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What do women want? Another take.

April 29, 2011

The body’s center, hara. The web of connective tissue encompassing our bodies. Grounding, and its survival value. The Gutsy Women’s Workout as a practical way to develop grounding. And the question — what do women want?

Right now, the question and the concepts are twirling around, teasing out their relationship with each other. Rather than address any of them straight on, I’ll tell you about the dramatic centerpoint of my second session of Integral Bodywork in Chicago with Everett Ogawa.

In the first session Everett had worked relatively lightly and briefly with my psoas muscles, the muscles ranging along my spine and connecting the lower and upper regions of my body. Three-quarters of the way through the second session, he started working the top of my left shoulder and the back left-side bottom of my rib cage.

Two thoughts came to me: “I lost the baby.” And “Something broke that can’t be fixed.”

I felt nauseous. I felt the urge to push something up from my belly and out through my mouth. Expel it. Then sobs quaked through me. I cried despair, neverending grief. This baby dying, dead inside me; stuck, unexpressable, unexpungeable. My own impending death, this baby a time-bomb set to explode, shatter me.

And at the same time, I was witness to what was happening. I haven’t been pregnant in this life. Was this upheaval a memory of another lifetime in which I had been pregnant and couldn’t push a stillborn baby out? Or had my pregnancy proven beyond doubt that I’d violated tribal norms and the elders had sewn my vagina shut?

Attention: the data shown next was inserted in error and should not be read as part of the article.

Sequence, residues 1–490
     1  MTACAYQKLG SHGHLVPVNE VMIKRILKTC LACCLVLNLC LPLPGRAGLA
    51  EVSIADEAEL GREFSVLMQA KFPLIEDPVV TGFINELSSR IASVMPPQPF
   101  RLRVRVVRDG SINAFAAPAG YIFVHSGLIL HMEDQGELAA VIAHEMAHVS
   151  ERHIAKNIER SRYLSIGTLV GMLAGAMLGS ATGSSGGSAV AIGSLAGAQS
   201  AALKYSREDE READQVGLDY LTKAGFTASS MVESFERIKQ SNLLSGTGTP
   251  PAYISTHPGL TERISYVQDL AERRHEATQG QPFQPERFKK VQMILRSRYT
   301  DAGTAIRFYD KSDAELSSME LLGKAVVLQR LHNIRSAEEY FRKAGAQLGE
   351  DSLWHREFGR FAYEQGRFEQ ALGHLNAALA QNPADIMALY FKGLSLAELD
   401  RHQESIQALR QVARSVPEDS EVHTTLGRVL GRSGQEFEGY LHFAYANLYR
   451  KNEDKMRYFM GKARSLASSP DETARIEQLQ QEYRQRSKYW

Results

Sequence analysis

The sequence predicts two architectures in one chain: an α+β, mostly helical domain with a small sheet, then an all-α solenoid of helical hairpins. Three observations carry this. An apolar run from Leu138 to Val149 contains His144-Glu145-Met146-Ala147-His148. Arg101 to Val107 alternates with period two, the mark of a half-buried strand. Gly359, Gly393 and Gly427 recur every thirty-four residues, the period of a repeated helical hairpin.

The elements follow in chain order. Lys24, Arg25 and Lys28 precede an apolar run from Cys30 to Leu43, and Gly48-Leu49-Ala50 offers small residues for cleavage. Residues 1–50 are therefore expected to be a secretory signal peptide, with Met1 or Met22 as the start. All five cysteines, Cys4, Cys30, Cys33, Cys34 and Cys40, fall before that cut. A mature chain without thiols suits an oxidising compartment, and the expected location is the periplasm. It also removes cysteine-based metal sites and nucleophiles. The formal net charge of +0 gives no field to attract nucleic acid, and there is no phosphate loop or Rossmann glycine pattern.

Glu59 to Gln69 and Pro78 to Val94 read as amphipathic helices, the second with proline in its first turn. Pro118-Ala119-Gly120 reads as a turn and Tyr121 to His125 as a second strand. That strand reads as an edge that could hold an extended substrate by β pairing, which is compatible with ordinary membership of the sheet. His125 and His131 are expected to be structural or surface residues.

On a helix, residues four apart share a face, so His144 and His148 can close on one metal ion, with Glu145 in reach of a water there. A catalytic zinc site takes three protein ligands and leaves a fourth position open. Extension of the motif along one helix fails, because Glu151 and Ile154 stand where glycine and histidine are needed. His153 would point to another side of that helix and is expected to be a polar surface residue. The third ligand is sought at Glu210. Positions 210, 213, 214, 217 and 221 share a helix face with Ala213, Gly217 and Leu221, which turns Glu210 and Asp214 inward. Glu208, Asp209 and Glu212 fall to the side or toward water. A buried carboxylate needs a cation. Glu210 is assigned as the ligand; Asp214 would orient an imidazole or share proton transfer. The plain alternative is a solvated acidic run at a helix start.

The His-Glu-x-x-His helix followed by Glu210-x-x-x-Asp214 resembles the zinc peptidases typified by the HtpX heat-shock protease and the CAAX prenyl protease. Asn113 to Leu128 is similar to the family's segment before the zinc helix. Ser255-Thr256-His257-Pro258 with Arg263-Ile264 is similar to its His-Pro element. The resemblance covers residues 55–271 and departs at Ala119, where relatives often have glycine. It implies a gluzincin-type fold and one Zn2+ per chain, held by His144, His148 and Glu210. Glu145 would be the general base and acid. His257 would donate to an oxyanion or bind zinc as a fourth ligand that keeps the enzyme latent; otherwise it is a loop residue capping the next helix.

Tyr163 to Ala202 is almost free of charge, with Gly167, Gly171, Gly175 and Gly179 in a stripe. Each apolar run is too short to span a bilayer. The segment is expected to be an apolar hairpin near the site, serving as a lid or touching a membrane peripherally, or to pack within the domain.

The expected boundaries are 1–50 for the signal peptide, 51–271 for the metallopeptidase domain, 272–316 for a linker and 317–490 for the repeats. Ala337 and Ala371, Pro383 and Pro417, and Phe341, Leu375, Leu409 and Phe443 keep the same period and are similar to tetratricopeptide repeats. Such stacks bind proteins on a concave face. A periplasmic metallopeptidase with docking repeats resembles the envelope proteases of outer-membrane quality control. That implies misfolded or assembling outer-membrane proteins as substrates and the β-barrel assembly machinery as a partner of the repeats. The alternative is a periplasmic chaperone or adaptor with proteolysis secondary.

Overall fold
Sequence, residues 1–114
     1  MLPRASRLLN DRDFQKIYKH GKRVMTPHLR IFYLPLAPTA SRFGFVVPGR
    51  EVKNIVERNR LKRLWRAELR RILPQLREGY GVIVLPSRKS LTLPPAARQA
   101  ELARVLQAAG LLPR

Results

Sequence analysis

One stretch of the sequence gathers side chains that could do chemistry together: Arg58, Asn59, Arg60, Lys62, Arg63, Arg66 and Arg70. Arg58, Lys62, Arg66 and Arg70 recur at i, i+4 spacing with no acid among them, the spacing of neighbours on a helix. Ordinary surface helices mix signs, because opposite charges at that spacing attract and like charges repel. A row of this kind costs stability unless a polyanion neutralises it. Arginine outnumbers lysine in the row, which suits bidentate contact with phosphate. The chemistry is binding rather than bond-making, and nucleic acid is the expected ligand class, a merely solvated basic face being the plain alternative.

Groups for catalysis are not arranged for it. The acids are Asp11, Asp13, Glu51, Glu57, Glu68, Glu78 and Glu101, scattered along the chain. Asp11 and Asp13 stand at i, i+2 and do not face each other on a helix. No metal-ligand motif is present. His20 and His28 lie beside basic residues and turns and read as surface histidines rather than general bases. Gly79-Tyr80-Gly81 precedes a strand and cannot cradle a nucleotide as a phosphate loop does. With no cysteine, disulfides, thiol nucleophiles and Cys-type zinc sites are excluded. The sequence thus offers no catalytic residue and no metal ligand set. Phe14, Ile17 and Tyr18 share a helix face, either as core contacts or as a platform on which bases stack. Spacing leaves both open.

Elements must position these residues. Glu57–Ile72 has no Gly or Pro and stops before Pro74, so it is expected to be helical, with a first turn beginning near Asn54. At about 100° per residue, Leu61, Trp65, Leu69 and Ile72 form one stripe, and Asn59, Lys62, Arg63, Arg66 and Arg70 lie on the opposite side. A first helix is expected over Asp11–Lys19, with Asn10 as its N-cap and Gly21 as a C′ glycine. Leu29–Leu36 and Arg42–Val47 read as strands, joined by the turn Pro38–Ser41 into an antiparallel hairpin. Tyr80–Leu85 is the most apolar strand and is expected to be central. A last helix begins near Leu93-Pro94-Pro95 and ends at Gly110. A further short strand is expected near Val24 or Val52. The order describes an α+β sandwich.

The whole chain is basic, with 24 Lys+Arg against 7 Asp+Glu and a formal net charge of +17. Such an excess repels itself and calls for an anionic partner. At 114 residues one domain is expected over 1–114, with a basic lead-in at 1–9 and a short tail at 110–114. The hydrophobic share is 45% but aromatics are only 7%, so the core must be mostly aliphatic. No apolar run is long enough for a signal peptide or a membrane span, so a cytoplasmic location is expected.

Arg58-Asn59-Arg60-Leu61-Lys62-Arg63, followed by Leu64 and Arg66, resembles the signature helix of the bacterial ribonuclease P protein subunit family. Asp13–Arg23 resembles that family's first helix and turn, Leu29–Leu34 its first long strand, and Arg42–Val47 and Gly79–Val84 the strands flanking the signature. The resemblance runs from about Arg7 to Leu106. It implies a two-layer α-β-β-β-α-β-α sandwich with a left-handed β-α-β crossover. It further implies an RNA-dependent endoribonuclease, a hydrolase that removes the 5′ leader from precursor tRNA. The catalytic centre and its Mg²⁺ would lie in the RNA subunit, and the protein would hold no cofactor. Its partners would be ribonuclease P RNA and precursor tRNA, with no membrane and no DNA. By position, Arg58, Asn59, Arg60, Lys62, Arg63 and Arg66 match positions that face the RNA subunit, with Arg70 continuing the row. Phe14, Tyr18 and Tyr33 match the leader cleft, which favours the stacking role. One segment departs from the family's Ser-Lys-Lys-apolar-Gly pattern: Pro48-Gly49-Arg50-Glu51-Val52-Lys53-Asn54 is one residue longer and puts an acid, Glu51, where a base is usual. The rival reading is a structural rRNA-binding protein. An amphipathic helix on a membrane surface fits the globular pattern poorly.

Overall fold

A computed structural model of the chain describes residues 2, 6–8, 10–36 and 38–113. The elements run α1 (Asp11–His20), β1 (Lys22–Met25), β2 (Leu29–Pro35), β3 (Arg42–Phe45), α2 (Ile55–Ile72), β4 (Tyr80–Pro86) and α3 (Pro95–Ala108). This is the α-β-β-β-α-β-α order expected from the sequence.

In any event, the baby was lost inside me. The baby about to kill me was lost inside me.

In the background, I heard words that, as I would later learn, the Gnostic Gospel of Thomas attributes to Jesus:

If you bring forth what is within you, what you bring forth will save you.
If you do not bring forth what is within you, what you do not bring forth will destroy you.

My grief felt endless. Honoring it, not suppressing it, I gradually brought my sobbing to stillness.

Everett gently resumed working those same places — my top left shoulder and then the back left-side bottom of my rib cage. Once again, I tumbled into sobbing, this time feeling that I was grieving for all women everywhere through time.

After several moments, knowing that I’d arrived at my emotional limit, I asked Everett to stop working those areas. He went on to work the corresponding places on my right side — without corresponding upheavals — and skillfully addressed my neck. That concluded session two.

The dramatic centerpoint of session three also occurred toward its conclusion. Everett came to a thick band of connective tissue all glued together over the front right-side middle of my rib cage. No despair here, only red-hot rage.

As Everett pressed into the band and it started to give way, I roared against atrocity beyond belief  in a language I didn’t know I knew. Everett pressed into the band again. As it released completely, all I could say was “Thank goodness,” in entirely ordinary English.

Several days later, home from Chicago, I had the pleasure of spending some time with Max Dashu, an independent scholar and a stellar figure in the field of women’s studies. Her Suppressed Histories Archives present her decades of research on ancient female iconography as well as the ways in which women have both experienced and resisted cultural oppression through time and across the globe.

During our hike, I asked Max — as I’m often asking these days — “What do women want?”

She answered: “Women are tired. They’re carrying, are burdened with, so much abuse. Women want release.”

I suspect Everett Ogawa would agree. Release the connective tissue’s sticking points, air out the experience that’s been trapped there, allow energy and awareness to flow: such release prepares the mind and enables the body to ground.

In fact, he says, the process of Integral Bodywork not only relieves chronic pain, enhances creative expression, and supports personal growth — it also expedites the release of trauma of all kinds.

In fact, the first time I put myself on his bodywork table he said point blank: “We’re going for release. That’s what this work is about.”

What do women want?

Grounding and its survival value, okay.

I’m willing to consider release.

Is it fun?

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